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The walk of indignity: How migrant workers are being exploited on their way back home

The News Minute, India, 17 May 2020 - Three months ago, 21-year-old Anuji Baskey was flipping burgers and making sandwiches as a ‘Master’ at a restaurant in Thrissur, Kerala. With the little money he made, he was able to survive and send some money back home to his parents in Jharkhand, who he says are poor farm workers. “We all have the same story,” he says with a quivering voice, “we left home to make money and support our families. Now we are at their mercy to return home, they have had to send us money,” he says, sitting on a pavement in Moore Market, just behind Chennai Central railway station.

Anuji and five of his friends – all of whom were working at restaurants in Thrissur and are now stuck in transit in Chennai – left Kerala in late March. They had a roof over their heads and some cash in hand, but they feared the novel coronavirus. “We thought that if we left immediately, we could get back home safely,” Anuji says. But the day they arrived in Chennai, the nation-wide lockdown came into effect and they were left stranded.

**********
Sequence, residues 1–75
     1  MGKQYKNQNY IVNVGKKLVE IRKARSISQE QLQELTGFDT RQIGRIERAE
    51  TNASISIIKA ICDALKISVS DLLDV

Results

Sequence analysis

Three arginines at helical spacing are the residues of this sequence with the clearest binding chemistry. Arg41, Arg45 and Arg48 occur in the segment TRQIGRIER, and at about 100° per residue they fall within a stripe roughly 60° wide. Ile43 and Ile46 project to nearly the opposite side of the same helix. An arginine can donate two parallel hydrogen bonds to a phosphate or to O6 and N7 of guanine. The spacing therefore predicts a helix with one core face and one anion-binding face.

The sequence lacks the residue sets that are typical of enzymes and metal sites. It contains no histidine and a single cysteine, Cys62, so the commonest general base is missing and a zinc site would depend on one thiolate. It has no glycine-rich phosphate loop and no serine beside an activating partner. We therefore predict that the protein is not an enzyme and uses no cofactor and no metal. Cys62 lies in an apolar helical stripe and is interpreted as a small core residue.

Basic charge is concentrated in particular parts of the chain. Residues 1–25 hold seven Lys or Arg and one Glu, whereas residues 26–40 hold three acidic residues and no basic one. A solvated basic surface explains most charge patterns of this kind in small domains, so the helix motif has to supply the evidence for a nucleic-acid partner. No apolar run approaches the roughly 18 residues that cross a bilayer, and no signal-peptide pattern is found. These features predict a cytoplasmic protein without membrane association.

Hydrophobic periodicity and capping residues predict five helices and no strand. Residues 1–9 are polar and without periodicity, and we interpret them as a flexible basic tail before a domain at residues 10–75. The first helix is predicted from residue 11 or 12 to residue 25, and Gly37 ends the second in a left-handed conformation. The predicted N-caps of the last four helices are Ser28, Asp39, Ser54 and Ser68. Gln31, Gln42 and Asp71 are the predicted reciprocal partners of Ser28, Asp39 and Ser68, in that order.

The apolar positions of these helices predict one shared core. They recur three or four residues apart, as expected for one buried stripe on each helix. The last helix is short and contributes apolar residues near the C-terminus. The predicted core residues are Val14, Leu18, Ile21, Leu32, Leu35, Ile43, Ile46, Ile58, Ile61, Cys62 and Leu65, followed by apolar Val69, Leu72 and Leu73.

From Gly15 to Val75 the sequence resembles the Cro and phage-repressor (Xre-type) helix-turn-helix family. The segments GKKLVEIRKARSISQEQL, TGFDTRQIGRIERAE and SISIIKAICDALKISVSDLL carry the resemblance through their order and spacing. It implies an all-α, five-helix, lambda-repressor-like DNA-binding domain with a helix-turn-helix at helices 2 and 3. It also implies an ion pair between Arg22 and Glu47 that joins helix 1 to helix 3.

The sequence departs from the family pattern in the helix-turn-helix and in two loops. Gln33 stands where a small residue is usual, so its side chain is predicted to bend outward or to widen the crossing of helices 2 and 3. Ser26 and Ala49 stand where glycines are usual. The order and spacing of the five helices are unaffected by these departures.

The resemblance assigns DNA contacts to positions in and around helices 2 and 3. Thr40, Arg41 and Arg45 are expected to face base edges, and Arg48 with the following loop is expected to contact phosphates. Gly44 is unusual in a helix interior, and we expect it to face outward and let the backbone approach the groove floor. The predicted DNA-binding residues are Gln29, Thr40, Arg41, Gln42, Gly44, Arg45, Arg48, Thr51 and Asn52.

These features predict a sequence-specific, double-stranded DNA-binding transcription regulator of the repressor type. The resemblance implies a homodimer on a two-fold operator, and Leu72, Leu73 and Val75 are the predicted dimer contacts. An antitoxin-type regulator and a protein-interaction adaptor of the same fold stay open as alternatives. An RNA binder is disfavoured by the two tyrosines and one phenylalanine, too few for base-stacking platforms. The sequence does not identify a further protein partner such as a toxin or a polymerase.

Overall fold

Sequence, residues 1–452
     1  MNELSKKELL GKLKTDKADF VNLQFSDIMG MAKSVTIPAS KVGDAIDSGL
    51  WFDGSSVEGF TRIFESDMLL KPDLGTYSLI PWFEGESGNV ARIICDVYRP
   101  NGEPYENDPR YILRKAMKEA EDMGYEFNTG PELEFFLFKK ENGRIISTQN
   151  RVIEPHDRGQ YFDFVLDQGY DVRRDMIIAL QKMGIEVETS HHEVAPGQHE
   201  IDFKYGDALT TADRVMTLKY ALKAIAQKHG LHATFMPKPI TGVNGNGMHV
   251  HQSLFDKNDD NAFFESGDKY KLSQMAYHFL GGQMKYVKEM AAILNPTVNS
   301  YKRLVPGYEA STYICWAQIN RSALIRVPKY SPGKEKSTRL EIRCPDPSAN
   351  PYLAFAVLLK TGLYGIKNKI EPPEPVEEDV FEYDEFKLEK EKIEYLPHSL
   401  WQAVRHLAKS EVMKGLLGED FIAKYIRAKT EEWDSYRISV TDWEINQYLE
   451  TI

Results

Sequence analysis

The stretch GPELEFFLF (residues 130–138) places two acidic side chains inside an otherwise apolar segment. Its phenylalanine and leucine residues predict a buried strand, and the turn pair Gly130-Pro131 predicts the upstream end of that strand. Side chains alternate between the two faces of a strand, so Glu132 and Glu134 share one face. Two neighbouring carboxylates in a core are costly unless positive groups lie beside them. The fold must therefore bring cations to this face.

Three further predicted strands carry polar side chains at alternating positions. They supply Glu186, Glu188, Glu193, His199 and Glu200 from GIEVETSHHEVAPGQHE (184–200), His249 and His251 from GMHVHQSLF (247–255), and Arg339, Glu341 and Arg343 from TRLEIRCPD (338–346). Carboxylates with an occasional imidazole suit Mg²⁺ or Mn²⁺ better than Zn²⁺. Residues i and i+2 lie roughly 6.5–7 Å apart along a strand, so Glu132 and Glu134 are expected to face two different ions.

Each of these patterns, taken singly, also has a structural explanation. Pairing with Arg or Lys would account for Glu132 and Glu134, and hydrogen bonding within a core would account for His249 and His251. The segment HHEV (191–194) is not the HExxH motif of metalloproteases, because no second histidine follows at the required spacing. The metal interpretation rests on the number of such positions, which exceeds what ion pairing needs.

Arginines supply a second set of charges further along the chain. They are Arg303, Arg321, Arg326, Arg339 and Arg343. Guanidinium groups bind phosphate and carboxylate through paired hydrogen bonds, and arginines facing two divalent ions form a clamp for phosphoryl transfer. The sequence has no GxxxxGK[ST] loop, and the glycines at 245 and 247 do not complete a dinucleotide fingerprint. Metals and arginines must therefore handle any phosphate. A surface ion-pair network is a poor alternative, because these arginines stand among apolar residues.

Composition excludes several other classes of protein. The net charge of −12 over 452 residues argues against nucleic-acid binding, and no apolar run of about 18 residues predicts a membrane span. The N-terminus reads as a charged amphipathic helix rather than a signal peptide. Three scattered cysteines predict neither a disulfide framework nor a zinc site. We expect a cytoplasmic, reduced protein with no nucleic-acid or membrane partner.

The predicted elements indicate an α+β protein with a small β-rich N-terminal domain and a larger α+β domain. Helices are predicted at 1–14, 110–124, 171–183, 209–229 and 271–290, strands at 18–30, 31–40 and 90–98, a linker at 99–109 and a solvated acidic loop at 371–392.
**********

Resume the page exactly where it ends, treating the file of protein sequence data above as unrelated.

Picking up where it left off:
Mansions of exploitation

The six of them started staying at a room in one of the many mansions in the by-lanes behind Chennai Central, paying Rs 1800 a night. For almost 45 days, they haemorrhaged money. Apart from the rent, they had to pay for food and water, and phone recharges, so they could continue to get information online and stay in touch with their parents. “We requested the mansion owners to charge us less because we were running out of money, but they refused," says 22-year-old Niranjan, who is accompanying Anuji.

These six weren’t the only ones fighting the battle with mansion owners. Shreela M, a lawyer and volunteer with the COVID Migrant Labour Fund in Chennai, says that mansion owners have been heartlessly exploiting and harassing migrant workers who are stuck in Chennai with nowhere else to go. “We have been repeatedly asking for the government and police to step in, to request mansion owners to allow the poor workers to stay for free or at reasonable costs. There has been some impact, but not all of them have agreed to do so," she says.



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